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What to Sow Now For Beautiful Spring Displays

Published on August 1st 2020

by AlanGardenMaster. All rights reserved

Spring bedding plants are easy to grow from seed but there's no time to waste in sowing them now!

What to sow

  • Most spring-flowering bedding plants are biennials. This means that they grow their leaves in the first year and flower in the second. Usually, they die after flowering and need replacing.
  • The easiest and arguably the most rewarding are wallflowers. They provide a superb colourful show and are also very strongly scented.
  • Brompton stocks also have a great scent and a soft pastel colour range in spring.
Brompton Stock flowers is in a garden
  • Sweet Williams are equally easy to grow but flower a little later. An added bonus is that taller varieties provide great cut flowers to bring into the house.
  • Forget-me-nots provide bright and cheerful plants for the edge or very front of a border.
A close up of forget me not flowers
Forget me not
  • Bellis daisies, which are most showy when double-flowered, are making a comeback. They can be planted as a border edging or in containers.

Daisy Pomponette Series

Bellis perennis 'Pomponette Series'

Bellis perennis 'Habanera'

Bellis perennis 'Habanera'

If you're interested in what to sow now for winter colour, you can check out this other article!

How to sow

  • For these spring-flowering bedding plants, you won't need pots, trays and special compost.
  • Simply sow them thinly in the garden soil.
  • You don't have to sow them where you want them to flower, but perhaps a gap in your vegetable patch or some well-cultivated garden soil in a flower border.
  • You can then transplant them into their flowering positions in September and October.
  • Choose a patch of soil you can thoroughly cultivate to create a fine tilth - soil with no stones or large lumps of soil.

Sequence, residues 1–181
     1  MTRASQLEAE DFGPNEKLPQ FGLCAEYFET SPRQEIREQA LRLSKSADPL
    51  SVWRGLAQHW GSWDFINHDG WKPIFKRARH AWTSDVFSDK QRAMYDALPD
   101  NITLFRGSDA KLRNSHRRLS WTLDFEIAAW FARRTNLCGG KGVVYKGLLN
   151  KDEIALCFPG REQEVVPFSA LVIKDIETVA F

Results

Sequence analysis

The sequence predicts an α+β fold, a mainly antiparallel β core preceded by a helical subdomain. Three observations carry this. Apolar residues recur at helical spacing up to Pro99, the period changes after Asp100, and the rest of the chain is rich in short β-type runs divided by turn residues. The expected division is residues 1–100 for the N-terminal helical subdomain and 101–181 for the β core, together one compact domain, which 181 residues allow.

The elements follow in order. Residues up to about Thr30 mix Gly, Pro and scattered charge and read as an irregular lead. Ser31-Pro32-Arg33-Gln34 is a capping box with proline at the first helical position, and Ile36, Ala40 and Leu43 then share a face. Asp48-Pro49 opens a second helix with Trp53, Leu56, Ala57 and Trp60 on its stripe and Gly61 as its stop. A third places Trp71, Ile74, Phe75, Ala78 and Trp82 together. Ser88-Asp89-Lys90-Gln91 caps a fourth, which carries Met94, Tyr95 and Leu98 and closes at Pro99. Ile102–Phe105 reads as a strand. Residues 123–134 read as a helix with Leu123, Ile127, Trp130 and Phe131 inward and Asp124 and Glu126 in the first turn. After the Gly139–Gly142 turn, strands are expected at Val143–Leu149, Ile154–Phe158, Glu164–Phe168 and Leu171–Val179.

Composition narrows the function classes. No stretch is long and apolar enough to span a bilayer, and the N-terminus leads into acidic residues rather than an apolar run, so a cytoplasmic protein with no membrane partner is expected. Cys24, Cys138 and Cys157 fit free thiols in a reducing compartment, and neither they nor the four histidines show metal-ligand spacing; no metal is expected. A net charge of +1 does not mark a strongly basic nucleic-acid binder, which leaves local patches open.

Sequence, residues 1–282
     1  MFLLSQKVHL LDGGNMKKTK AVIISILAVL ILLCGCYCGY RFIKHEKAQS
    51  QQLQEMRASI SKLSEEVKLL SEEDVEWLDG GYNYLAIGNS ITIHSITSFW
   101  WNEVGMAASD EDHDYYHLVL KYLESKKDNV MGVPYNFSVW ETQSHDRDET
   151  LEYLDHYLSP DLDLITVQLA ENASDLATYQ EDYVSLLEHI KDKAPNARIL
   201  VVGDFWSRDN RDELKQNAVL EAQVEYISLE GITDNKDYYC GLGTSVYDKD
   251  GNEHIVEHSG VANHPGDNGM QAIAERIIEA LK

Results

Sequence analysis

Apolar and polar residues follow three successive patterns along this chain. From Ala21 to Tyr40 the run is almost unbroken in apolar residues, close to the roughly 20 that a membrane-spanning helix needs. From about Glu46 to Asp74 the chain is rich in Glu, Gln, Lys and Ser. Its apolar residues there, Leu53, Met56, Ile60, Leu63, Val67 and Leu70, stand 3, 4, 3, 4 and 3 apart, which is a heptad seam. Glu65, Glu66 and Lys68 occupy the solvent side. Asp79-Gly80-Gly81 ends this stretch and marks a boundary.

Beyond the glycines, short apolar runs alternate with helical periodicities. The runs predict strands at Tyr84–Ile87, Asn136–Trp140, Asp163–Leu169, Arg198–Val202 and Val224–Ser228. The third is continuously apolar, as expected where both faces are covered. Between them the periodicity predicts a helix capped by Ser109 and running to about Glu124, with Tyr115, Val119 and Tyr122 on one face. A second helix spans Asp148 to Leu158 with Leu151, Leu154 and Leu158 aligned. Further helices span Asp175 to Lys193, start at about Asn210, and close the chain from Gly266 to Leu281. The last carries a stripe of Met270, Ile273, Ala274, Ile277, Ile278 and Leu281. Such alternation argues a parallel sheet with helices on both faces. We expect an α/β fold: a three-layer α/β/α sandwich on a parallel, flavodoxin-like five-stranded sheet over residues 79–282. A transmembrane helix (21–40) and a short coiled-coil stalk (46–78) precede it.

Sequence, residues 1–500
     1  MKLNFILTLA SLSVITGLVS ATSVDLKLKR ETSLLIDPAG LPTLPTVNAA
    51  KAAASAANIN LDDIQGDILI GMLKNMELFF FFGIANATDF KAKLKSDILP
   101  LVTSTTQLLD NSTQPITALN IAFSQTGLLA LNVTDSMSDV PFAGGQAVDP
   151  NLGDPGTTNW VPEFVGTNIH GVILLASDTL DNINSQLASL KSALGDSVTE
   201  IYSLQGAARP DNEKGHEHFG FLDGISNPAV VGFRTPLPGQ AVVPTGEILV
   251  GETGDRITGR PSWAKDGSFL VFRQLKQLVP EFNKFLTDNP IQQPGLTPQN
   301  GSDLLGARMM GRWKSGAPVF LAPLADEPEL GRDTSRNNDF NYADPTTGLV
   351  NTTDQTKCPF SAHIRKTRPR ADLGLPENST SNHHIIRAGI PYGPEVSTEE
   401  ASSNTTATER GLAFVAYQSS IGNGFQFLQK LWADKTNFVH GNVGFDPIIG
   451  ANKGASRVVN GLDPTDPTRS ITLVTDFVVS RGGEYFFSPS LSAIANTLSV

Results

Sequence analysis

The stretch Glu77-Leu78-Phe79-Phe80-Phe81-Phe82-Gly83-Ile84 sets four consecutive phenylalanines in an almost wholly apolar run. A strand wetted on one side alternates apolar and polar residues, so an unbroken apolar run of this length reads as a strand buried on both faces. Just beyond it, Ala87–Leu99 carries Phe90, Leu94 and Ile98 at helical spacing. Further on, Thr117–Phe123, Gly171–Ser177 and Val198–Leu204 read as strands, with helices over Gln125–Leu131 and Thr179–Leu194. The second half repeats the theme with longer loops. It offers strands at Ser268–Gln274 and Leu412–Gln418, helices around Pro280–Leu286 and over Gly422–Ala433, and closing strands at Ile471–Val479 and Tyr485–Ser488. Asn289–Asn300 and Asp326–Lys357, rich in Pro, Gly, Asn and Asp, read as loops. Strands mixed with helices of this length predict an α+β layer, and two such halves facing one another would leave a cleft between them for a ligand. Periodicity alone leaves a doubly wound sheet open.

• Draw out a shallow trench - check the depth required on the seed packet.
a drill, hoe and garden rake for sowing seed in soil
Make a drill with a draw hoe
  • Make sure that the soil is moist and, if it's not, water it well with a watering can with a fine rose on the spout. This is a good time to have a quick mug of tea or coffee so that the water soaks in before you get sowing.
A watering can and wet garden soil
Wet the soil well before sowing
  • Thinly sow your seeds into the trench. Incidentally, this is often called a 'drill' rather than a trench.
  • Lightly cover your seeds by backfilling the drill. Firm it down using more water or with the back of a rake.
  • The water helps to lower the soil temperature during summer, and this will give you better germination.


  • It might be necessary to water your young seedlings again after they have emerged from the soil. This will depend on what kind of summer we get!
  • If the seedlings are crowded, you will get better growth if you thin them so that there is a minimum of 5-6 cms between each plant.
A Sweet William flower with a tortoiseshell butterfly
A Sweet William bloom with butterfly
  • Weeding will certainly be necessary and try to remove them before they get too big.
  • Some gardeners pinch the tops out of their wallflower plants to encourage bushy growth. Personally, I think that this is unnecessary. At one time I grew over 100,000 plants per annum, which would have taken a very long time to pinch out!
  • When the seedlings emerge, wallflowers can be troubled by flea beetles. They feed on the first leaves and can significantly reduce plant vigour.
  • There are chemical controls for flea beetles (check for the currently recommended available product), but if you keep your seedlings growing well and make certain that they are never short of water they can quickly grow away from attack. Covering with a fine-mesh insect-proof net may be worth trying.

Planting out

  • In most of the UK and Ireland, plants can be transplanted into their flowering positions right up to the beginning of November.
  • However, there is no doubt that early planting into beds and containers results in a better show in spring.
  • Plant into thoroughly cultivated soil and incorporate a general fertiliser in as you cultivate. I use Vitax Q4.
  • Water your plants in well.
  • This group of plants are rarely troubled by slugs and snails.
  • However, wallflowers and Brompton stocks are members of the cabbage family and therefore have many of the same pests and diseases. Particular care should be taken to avoid clubroot. Growing in soils with a pH above neutral should take care of this.

Mix it up!

  • These spring-flowering bedding plants look fantastic with spring-flowering bulbs! Tall tulips are the most popular choice but daffodilswork too.
Double flowered tulips and wallflowers
Double flowered tulips with wallflowers
Don't delay sowing these easily grown and inexpensive spring flowering bedding plants now!

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